Use our free monthly budget and expense calculator to save more and spend less.
(If you prefer this in an excel spreadsheet format, check out our free template, FinSnap.)
We’ve Got It All Backwards
Have we been saving the wrong way?
You see, here’s how most people save:
When we receive our income, we’ll spend on whatever we want – essential and/or non-essential – and at the end of the day, we’ll save the rest (if any).
If you’ve been doing that, it’s probably not the best way to save.
This method often leads to overspending, and results in low amounts of savings or living from paycheck to paycheck.
The primary reason for that happening is because we don’t exert any control over our expenditure or have any forced savings mechanism in place.
But here’s what would happen if we flip it:
When our incomes come in, we’ll set aside a defined amount to save or invest, and then we can spend the remainder.
This’ll ensure that we have something at the end of the day.
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How Do We Force Ourselves to Save First
The trick is to make it structured and easy.
Here’s an example:
You can have 3 savings accounts – A, B and C.
A: account where income is “GIROed” in
B: account purely for savings and waiting to be invested
C: account purely for daily, monthly and annual expenses
So when income goes into A, transfer the amount you want to save/invest into B. To make it easier, set up a standing instruction to transfer automatically.
And the rest can go into C. You can also set up a standing instruction for this.
You may also do this with just 2 accounts.
The Point of Tracking Your Expenses
For some of you, it may be difficult to track all your expenses.
(I do find it quite a hassle too, especially if it’s daily.)
But the point is to be aware of what you’re spending your money on.
This could be done by looking at your past month’s bank account statements and going through each item.
This way, by tracking and control how we spend our money, we’re able to trim the fat (reduce unnecessary expenses).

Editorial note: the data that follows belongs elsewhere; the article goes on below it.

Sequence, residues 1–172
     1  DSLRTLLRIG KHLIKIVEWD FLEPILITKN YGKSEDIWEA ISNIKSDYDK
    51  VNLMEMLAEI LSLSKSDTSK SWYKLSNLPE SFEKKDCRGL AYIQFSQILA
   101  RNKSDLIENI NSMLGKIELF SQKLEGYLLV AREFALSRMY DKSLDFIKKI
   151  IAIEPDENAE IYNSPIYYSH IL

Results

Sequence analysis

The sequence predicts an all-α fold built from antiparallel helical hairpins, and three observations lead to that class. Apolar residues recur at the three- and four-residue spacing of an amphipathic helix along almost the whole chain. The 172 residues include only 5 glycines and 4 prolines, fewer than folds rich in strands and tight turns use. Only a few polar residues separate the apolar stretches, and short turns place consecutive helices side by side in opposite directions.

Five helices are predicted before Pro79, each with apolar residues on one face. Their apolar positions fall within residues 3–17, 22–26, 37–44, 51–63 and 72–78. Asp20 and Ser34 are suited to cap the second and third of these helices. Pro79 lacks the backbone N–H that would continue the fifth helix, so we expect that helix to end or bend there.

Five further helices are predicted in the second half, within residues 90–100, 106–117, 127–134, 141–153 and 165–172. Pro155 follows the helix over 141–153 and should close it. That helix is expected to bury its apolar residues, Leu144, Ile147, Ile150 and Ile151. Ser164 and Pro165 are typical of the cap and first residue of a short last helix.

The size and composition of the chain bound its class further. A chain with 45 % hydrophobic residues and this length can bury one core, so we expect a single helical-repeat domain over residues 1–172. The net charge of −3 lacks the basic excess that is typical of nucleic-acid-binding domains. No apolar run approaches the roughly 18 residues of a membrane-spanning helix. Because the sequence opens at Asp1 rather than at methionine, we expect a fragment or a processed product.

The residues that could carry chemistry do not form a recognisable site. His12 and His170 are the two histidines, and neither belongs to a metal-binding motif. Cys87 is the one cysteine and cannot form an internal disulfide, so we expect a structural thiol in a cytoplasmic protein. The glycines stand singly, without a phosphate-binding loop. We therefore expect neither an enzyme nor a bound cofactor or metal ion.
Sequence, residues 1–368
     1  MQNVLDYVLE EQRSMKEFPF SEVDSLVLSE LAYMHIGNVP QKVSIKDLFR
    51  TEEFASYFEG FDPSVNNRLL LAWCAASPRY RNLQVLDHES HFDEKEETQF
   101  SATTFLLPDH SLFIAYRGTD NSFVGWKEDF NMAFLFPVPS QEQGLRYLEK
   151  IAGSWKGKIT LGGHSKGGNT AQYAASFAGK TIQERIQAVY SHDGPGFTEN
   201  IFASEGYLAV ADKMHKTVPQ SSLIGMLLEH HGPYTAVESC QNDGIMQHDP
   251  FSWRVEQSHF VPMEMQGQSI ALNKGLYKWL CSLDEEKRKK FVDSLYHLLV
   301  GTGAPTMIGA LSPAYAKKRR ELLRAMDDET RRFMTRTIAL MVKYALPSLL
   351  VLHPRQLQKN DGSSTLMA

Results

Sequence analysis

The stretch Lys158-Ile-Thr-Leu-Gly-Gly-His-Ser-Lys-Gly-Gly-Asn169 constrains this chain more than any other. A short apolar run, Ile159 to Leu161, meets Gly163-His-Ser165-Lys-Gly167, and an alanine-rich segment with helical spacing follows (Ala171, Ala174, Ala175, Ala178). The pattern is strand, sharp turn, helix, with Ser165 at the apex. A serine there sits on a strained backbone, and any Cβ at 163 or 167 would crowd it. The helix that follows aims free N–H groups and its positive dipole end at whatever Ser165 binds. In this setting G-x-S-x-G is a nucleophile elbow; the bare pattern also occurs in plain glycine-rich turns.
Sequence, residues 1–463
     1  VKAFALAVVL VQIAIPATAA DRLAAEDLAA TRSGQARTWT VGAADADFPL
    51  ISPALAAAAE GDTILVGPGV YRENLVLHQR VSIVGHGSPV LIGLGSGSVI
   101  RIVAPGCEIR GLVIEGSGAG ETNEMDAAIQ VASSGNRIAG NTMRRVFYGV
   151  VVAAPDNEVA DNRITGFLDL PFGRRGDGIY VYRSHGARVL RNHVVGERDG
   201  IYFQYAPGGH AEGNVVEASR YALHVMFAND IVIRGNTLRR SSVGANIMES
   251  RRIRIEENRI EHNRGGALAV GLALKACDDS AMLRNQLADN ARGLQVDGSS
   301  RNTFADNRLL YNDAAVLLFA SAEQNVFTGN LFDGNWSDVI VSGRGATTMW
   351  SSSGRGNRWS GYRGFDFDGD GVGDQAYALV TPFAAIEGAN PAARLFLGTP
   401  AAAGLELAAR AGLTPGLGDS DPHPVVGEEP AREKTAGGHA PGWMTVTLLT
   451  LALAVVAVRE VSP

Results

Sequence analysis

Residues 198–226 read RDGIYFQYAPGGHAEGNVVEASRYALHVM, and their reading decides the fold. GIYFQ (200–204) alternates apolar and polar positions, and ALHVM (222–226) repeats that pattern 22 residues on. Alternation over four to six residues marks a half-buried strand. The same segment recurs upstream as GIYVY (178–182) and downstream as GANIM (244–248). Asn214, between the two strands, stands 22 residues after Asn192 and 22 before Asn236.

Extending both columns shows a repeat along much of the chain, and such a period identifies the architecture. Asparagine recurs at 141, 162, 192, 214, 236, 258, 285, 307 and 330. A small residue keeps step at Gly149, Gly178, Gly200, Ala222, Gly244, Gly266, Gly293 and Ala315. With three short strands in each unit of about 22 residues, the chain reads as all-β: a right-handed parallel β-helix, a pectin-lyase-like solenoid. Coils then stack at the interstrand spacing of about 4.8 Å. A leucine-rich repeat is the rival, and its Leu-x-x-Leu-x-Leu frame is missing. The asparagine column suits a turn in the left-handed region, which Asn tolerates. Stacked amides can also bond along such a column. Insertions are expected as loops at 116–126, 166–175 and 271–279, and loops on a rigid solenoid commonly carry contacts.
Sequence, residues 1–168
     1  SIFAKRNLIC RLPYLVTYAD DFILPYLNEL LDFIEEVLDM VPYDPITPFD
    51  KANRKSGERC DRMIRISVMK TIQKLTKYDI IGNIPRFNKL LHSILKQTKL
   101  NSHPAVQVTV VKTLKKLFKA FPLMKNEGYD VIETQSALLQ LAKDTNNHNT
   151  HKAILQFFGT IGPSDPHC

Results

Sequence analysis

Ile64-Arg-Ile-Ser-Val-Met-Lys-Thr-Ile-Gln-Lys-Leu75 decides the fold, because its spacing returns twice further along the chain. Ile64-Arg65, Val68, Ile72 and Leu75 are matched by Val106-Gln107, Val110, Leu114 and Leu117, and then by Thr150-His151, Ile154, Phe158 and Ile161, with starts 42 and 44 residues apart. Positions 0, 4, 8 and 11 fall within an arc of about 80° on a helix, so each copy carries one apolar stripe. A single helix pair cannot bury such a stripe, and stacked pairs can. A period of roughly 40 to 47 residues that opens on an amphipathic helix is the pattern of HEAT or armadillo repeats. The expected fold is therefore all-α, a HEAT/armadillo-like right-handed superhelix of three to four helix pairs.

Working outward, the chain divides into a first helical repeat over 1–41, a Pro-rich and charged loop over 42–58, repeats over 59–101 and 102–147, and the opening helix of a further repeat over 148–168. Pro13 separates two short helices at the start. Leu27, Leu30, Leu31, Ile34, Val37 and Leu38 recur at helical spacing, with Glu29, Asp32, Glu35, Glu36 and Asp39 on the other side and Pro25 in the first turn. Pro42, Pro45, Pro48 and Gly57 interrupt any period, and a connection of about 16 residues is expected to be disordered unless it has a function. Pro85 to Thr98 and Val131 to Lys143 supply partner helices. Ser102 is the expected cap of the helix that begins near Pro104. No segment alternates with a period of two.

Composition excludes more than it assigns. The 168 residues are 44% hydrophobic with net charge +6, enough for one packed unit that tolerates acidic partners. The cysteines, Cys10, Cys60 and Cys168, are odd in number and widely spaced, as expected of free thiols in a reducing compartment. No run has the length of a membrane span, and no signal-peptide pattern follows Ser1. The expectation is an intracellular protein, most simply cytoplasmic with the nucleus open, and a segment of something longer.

Combined with forced savings, doing this regularly will ensure that we have the savings to hit our financial goals such as having sufficient funds for retirement or providing for our kid’s education.
4 Key Factors to Improve Your Finances
If you took the step to fill in your numbers, it means that you’re serious in managing your money for a better future.
Although the calculator gives you some insights on your saving and spending habits, it doesn’t give you everything.
How can you improve on your overall finances?
Here are 4 ways:
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1) Earn More
One of the best ways to have more money is investing your time and effort into your career or businesses that you run.
We need to be excellent at what we do so that we’ll be rewarded with promotions, higher salaries and bonuses.
Some examples of how we invest in our careers:
- take more responsibilities and show that we’re competent
- going for courses
- seriously think about our career paths
- improve our interview skills
2) Protect More
Protection here means making use of insurance.
Although it may be deemed an expense, it’s can be an asset when the time comes.
Having adequate insurance allows you to protect future income and preserve the wealth you’ve accumulated.
As your income enables you to spend, save and invest, it’s the most important resource you have.
Once you lose it due to death, total & permanent disability or critical illness, future income is lost, and your current savings are unlikely to last.
Having enough life insurance enables you to replace future income if the worse happens.
How can insurance preserve wealth?
If smaller incidents happen and you need to be hospitalised, medical insurance can cover the bills. It’ll be an essential item if your hospital bills are large.
If you don’t have it, paying for these bills will come from your hard-earned savings and investments.
3) Save More (Spend Less)
When you make it a priority to save first before spending, it’s like locking away money in the vault, and the money you’re left with can only be spent on things that you’re allowed to.
This discipline will go a long way.
You’ll be more conscious of what you’re spending on if you have a limited amount of money you can spend each month.
For example, if you find yourself in a situation where you’re questioning to buy an item which is not budgeted for, chances are that you shouldn’t.
Because you know that by doing so, you’ll overspend at the end of the month.
This mental resistance combined with the desire to achieve future financial goals will enable you to say “no”.
From the calculator, you can also see what necessities and wants are you spending on, and improve on them.
For each item, make a decision:
- Continue it
- Look for better/cheaper alternatives
- Eliminate it
4) Invest More
Hopefully, by doing the above, you’re left with more cash in the bank.
But aside from emergency funds and upcoming financial commitments where you need liquid cash, you should put them into alternatives that can give potentially higher returns, based on your risk tolerance.
That’s because, with inflation, the value of our money decreases over time. And we can make use of the compounding effects of higher interest rates.